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Will Google Get To Scan All Those Books?

A judge sets a status meeting to see how Google's settlement with authors and publishers is progressing.

Google

The Authors Guild and the Association of American Publishers on the 21st asked a federal judge to delay an Oct. 7 fairness hearing on the deal so they could work with Google and the U.S. Department of Justice on amending the agreement.

Instead, Denny Chin, judge for the United States District Court for the Southern District of New York, will hold a status hearing on Oct. 7 to discuss the progress in amending the current proposal.

The case has been winding its way through the courts for four years. At issue: Google's plan to scan millions of books, placing their contents online and license them to readers for fees. The recent development to hold a status meeting comes as a result of Google's concession on Sept. 10 that it will allow Amazon and other online retailers to sell digital copies of out-of-print books covered by the settlement.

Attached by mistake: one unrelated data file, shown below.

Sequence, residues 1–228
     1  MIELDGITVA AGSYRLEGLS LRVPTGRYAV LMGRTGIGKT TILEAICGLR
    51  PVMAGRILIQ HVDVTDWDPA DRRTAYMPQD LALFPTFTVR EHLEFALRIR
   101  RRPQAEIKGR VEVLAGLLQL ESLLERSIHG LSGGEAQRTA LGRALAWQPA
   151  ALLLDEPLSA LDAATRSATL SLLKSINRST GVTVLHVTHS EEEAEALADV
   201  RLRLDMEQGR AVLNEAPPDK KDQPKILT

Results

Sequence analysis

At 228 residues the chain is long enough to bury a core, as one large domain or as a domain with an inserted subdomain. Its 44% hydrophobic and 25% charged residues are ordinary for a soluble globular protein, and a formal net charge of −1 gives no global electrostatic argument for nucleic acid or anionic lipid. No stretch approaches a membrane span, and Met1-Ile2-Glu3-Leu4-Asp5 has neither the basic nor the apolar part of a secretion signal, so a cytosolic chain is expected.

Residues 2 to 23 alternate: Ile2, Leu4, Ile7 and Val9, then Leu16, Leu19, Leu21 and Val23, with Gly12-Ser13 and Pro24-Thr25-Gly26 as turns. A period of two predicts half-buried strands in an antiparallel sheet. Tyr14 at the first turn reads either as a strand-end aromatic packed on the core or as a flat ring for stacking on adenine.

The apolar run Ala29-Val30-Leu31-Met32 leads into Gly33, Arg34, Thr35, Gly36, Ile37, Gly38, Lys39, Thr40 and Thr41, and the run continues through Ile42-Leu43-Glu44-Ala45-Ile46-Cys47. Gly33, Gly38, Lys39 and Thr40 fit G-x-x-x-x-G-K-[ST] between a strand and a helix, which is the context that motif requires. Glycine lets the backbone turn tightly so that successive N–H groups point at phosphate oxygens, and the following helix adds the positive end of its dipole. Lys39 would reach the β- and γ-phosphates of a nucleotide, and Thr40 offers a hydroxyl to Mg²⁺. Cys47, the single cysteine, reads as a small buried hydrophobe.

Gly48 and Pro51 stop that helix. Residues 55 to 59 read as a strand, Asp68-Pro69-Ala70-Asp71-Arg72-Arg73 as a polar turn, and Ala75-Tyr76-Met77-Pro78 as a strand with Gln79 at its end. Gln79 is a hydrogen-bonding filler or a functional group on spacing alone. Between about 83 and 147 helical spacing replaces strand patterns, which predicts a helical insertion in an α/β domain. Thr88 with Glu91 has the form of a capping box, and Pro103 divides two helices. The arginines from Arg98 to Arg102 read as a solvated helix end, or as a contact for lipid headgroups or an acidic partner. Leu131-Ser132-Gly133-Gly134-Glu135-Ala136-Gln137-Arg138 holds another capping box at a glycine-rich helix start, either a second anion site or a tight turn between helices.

"Under all the circumstances, it makes no sense to conduct a hearing on the fairness and reasonableness of the current settlement agreement, as it does not appear the current settlement will be the operative one," Chin wrote in his decision. "Accordingly, the court will not proceed with the fairness hearing on October 7, 2009."

According to Google, the company has made digital copies of more than 10 million books during the past five years. It maintains that allowing the digitization of books -- such as the roughly two million titles no longer covered by copyright Google has already indexed -- gives greater access to works that might otherwise simply fade away. Supporters have included libraries, disabled rights activists, technology groups, economics professors and lawyers.

However, opponents are concerned about copyright violations, as well as Google becoming a "monopoly provider" of digitized print. Others worry about privacy concerns, noting it would be even easier to track what books people are reading that it currently is. Google has said it will address that through a separate privacy policy created expressly to safeguard personal information.

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